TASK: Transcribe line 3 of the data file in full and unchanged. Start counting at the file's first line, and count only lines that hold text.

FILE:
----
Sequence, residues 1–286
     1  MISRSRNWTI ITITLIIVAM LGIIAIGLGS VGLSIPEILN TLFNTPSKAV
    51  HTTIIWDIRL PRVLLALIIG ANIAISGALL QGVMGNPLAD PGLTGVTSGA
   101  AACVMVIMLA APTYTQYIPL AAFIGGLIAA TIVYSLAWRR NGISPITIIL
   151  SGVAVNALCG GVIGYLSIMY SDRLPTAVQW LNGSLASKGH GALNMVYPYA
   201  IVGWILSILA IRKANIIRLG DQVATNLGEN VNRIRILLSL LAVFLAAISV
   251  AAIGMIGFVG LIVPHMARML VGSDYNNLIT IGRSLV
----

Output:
    51  HTTIIWDIRL PRVLLALIIG ANIAISGALL QGVMGNPLAD PGLTGVTSGA